The concept of corporate social responsibilty that had emerged from the turmoil of the 1960s, and became accepted as a cost of doing business in the 1970s – even as corporations faced serious economic challenges and greater public distrust – took on a new shape in the 1980s. During the decade, two paradigms of corporate responsibility – the stakeholder model and the classic ownership, or shareholder, model – clashed. Each provided very different answers to the questions of to whom, for what, and how to meet corporate reponsibility mandates. A strong backlash against government regulation and the election of Republican Ronald Reagan to the White House brought a political liberation of business from the regulatory and cost pressures of the social movements (civil rights, women's rights, environmentalism). By the end of the decade, the pressure to prioritize responsibilty to shareholders, over a broader set of stakeholders, had gained ground. Economic pressures, posed in part by global competitors and the threat of takeovers, had forced a new discipline on corporate social responsibility programs.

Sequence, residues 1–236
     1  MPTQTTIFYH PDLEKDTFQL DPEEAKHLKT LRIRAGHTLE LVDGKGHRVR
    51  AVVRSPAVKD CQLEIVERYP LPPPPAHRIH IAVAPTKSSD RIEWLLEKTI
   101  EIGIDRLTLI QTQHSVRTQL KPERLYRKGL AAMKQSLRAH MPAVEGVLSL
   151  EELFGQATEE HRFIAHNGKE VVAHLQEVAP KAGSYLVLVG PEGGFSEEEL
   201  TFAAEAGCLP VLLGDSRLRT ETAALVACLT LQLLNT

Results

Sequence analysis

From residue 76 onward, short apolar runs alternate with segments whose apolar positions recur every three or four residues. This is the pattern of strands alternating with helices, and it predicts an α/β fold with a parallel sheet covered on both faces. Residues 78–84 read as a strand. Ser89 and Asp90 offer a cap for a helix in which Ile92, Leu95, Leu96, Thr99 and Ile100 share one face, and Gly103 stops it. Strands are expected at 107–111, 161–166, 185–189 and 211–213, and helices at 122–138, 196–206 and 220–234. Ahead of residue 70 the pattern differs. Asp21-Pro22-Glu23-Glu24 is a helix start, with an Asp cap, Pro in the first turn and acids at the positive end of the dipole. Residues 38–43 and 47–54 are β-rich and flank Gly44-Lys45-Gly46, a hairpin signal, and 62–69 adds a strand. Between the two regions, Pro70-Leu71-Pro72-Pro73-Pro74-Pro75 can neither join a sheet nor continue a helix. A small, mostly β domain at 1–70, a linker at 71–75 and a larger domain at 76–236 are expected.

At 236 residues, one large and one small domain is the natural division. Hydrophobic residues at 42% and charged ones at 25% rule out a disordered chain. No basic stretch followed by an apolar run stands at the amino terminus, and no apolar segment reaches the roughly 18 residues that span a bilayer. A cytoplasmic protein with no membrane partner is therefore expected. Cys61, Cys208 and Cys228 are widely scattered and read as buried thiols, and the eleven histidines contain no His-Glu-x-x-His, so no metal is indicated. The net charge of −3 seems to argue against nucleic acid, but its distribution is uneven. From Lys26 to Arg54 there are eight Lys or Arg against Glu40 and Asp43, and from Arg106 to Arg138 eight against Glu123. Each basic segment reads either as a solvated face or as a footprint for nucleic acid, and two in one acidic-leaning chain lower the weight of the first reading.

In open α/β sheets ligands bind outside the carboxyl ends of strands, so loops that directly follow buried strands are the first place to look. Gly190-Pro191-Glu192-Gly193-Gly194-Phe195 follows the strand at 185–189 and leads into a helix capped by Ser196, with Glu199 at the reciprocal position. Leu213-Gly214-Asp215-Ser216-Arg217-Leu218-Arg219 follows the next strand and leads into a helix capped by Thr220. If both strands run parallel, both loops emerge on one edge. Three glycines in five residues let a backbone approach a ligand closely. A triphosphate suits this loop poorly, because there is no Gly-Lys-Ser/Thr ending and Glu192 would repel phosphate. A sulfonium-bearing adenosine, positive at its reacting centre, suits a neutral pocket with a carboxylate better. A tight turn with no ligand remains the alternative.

Business led the way in turning the conversation around to a different set of expectations of corporate behavior. Business leaders had come to understand that just as business activities must make social sense, social activities must make business sense. Corporate managers spoke of “strategic” philanthropy and social responsiveness. Companies offered a new rationale for public involvement: Charitable purposes could be advanced, alongside economic purposes, as with cause-related marketing. As one executive noted, “the key is to run corporate reponsibility like the rest of your business. The corporate responsibility plan must relate to the business plan.”